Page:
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HARKNESS v. HARKNESS.
26682.
Divorce. Richmond Superior Court. Before Judge Hardin.
ALMAND, Chief Justice.
1. The trial court correctly charged as follows: "In order for the denial of conjugal rights to afford rights for the divorce, the plaintiff must show that there was such a denial, that it was wilful, persistent and without justification and done with an intent to cast him off as a husband completely and forever."
2. The failure of the court to give a requested charge in the exact language requested, where the charge given covered the same principle of law, is not a ground for a new trial.
3. The court did not err in refusing to direct a verdict in favor of the defendant.
4. The evidence in this case was sufficient to support the verdict granting a divorce on the husband's complaint.
The appeal is from an order over ruling a motion for a new trial in a divorce case.
Daniel H. Harkness in his complaint against Jeanne S. Harkness sought a divorce on the ground of cruel treatment. The jury returned its verdict granting a total divorce on his complaint.
The defendant's motion for a new trial as amended was overruled and she in her appeal enumerates as error the assignments of error in her motion for a new trial.
1. Error is assigned on the refusal of the court, on request, to charge the jury that ["The] denial of conjugal rights will not authorize a divorce on the grounds of cruel treatment." Standing alone, the husband having testified that the defendant for a long period of time prior to the separation had denied him conjugal rights as a part of his grounds of cruel treatment, the requested instruction stated a correct principle of law ( Pinnebad v. Pinnebad, 134 Ga. 496 (2) (68 SE 73)), but this principle of law was covered by the court giving in charge to the jury the following charge requested by the defendant: "In order for the denial of conjugal rights to afford rights for the divorce, the plaintiff must show that there was such a denial, that it was wilful, persistent and without justification and done with an intent to cast him off as a husband completely and forever." The fact that the court in reading this charge to the jury used the word "rights" instead of "grounds" did not render the charge erroneous.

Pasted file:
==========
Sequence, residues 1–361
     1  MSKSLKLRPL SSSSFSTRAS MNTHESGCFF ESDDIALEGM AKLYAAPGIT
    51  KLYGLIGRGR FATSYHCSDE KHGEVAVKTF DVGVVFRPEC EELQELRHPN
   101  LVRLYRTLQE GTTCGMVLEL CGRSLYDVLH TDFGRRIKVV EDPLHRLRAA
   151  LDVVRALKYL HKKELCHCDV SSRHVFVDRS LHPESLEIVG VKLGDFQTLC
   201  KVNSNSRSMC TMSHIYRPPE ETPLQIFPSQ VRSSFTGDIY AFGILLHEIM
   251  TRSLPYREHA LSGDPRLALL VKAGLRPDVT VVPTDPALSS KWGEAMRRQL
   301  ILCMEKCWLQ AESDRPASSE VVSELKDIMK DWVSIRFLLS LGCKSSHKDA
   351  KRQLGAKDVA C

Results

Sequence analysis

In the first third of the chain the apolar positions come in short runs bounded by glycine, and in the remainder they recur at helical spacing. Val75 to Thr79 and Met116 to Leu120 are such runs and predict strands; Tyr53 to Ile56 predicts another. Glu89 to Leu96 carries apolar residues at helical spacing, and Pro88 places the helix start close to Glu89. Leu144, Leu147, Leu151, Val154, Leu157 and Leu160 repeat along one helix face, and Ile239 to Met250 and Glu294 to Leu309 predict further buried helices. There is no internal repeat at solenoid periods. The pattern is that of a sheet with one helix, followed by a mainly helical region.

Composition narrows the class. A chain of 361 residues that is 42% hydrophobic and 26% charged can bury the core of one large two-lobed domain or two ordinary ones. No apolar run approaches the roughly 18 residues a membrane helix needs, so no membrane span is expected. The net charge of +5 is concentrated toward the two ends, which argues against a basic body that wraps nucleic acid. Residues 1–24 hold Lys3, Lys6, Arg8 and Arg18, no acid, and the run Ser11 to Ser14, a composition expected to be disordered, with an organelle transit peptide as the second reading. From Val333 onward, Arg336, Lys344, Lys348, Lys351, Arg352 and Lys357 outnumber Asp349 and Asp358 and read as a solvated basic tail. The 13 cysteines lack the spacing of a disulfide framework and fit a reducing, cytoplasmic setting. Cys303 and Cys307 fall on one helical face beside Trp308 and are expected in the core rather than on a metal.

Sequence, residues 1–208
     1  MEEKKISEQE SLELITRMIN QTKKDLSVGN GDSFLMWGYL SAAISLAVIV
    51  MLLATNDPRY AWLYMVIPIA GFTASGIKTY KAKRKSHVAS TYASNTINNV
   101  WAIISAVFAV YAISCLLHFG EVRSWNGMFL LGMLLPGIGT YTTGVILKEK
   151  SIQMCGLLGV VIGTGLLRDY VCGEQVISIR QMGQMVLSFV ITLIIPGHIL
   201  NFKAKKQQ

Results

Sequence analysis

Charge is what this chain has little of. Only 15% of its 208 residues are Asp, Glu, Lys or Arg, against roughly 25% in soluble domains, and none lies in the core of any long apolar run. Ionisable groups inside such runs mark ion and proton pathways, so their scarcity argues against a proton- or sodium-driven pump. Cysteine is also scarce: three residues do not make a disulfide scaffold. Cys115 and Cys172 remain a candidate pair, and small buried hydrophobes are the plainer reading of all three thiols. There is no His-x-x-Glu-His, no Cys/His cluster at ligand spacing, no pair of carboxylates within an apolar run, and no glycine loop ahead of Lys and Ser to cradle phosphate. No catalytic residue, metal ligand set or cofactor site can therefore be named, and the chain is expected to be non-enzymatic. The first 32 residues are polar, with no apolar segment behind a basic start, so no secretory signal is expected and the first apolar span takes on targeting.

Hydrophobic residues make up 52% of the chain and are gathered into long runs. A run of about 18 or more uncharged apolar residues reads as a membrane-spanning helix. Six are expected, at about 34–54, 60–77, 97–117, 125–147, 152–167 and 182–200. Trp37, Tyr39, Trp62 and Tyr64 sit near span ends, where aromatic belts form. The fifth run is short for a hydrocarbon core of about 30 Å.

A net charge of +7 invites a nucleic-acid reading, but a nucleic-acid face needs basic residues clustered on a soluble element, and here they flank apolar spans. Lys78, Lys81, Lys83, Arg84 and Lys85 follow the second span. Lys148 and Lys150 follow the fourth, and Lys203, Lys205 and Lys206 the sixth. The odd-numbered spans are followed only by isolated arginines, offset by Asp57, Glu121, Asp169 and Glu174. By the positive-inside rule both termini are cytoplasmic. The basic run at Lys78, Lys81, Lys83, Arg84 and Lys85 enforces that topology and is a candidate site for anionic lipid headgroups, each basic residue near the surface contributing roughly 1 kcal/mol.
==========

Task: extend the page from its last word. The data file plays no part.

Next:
Enumerated errors 4 and 6 are without merit.
2. Enumerated error No. 8 complains that the court erred in failing to give defendant's written request to charge as to the kind of cruel treatment as grounds for a divorce.
The court gave in charge as to cruel treatment the definition in Code Ann. 30-102.
3. The court did not err in refusing to direct a verdict in favor of the defendant.
4. This court, in Hinkle v. Hinkle, 209 Ga. 554, 556 (74 SE2d 657) said: "Whether or not a denial of 'conjugal rights' might properly be said to illustrate marital status and the alleged 'calculated intent' of inflicting mental pain and anguish, is a question that might properly be given consideration by the jury in connection with other testimony tending to establish the allegations of cruel treatment. Certainly marital status is not limited to one act, or to a series of acts of a similar character. It covers the whole marriage relationship; and a course of conduct over a period of time which, within itself, would not amount to cruel treatment, might be found by the jury to be an integral part of a 'calculated intent' to create an intolerable situation." Considering the evidence in this case in light of the above quotation, it was sufficient to support the verdict granting a divorce on the husband's complaint.
It was not error to overrule the motion for a new trial.
Harrison, Jolles & Sams, Otis W. Harrison, for appellant.
SUBMITTED SEPTEMBER 14, 1971 -- DECIDED OCTOBER 8, 1971.
Friday May 22 15:52 EDT


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